Does Baking Soda Contain Aluminum?

aluminum in baking soda

I think we can all agree…

… that baking soda is pretty magical stuff. Of course it’s what makes our baked goods rise and get all fluffy, but it’s also good for deodorizing stinky stuff, cleaning carpet spots, making DIY cleaning pastes, and scrubbing messy ovens too.

Lately when I’ve posted recipes calling for baking soda, (such as this DIY Coconut Oil Deodorant) I’ve been getting comments from folks concerned about the presence of aluminum in baking soda and the possibility of it absorbing into the skin.

When I hear the word ‘aluminum’ in regards to my food or personal care products, I definitely start paying attention, because aluminum is not something I want to be using or consuming on a regular basis.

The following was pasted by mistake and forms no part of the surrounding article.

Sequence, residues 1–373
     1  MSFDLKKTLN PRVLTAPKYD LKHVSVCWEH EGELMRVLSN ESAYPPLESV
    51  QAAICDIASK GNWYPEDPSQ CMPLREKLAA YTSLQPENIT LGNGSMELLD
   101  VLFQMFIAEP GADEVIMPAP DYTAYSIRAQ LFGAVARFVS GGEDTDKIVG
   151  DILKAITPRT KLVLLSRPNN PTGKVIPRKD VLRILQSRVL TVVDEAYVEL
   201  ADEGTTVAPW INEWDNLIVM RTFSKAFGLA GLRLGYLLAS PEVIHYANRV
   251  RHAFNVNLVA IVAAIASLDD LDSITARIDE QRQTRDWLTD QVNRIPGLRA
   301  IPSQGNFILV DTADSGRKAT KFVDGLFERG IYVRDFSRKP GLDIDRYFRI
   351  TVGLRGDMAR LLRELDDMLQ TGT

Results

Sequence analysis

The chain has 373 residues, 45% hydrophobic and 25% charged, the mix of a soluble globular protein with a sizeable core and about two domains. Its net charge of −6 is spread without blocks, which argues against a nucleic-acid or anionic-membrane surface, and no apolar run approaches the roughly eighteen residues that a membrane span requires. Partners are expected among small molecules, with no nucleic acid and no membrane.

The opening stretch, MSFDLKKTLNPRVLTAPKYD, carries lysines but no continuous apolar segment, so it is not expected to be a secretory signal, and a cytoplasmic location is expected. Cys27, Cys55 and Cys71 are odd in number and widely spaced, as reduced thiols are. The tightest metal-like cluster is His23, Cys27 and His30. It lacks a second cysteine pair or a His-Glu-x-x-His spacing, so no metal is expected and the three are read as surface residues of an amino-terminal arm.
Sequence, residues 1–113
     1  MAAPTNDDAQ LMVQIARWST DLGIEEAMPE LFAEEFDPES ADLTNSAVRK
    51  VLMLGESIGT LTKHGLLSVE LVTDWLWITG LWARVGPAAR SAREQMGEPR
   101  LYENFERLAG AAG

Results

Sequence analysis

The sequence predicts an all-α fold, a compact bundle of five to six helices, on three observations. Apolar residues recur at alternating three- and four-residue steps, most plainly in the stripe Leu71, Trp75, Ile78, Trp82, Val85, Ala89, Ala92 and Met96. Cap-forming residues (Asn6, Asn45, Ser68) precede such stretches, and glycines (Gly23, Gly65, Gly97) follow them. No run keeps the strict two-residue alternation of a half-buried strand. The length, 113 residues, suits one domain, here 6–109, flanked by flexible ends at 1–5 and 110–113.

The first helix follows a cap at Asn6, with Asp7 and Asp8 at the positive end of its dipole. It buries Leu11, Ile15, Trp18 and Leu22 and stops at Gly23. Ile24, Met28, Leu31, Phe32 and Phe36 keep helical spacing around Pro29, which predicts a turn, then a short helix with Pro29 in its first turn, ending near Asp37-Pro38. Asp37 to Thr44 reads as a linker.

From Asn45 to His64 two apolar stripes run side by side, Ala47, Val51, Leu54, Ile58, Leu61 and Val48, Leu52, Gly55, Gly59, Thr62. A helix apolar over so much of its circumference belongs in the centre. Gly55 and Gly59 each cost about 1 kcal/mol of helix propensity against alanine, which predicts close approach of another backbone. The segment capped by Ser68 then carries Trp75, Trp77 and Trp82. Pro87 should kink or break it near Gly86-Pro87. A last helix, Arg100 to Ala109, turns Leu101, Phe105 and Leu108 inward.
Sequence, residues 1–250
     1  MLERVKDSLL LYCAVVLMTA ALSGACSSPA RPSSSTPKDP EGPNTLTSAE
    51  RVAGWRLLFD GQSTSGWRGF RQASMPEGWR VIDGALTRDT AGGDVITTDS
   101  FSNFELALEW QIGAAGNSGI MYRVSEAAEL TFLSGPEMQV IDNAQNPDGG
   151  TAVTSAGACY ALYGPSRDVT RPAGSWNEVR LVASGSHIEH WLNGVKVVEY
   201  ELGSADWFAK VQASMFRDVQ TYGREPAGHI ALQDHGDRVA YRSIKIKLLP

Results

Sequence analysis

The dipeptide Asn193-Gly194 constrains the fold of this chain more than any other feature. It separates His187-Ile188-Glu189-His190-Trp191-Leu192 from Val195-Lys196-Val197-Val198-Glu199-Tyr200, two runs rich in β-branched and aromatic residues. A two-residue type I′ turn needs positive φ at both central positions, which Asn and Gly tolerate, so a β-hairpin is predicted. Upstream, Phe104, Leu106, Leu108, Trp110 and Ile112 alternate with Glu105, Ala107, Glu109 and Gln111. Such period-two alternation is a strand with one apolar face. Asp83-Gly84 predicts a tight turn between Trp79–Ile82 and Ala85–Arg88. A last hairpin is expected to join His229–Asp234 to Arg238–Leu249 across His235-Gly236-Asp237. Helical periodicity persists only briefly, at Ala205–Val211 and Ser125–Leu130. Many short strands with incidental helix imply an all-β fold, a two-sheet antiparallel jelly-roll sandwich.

What’s the Big Deal with Aluminum?

Aluminum is a common addition to some processed foods (especially certain baking mixes) and hygiene products (such as anti-perspirent deodorant).

The problem?

Aluminum is a neurotoxin that may lead to neurological disorders (1), and certain studies have even linked it to Alzheimer’s disease (2).

There’s still some controversy in the scientific community over the exact health dangers of aluminum, but the available evidence is enough to make me say ‘No thanks.’ Therefore, I make a point of avoiding aluminum cookware and any food or personal care products that contain the metal.

Since I don’t cook with processed food items, avoiding aluminum in that space is pretty easy. BUT, there is an ingredient that I frequently use in my kitchen that can be a big offender when it comes to aluminum—>

Good ol’ baking powder.

The Difference Between Baking Soda and Baking Powder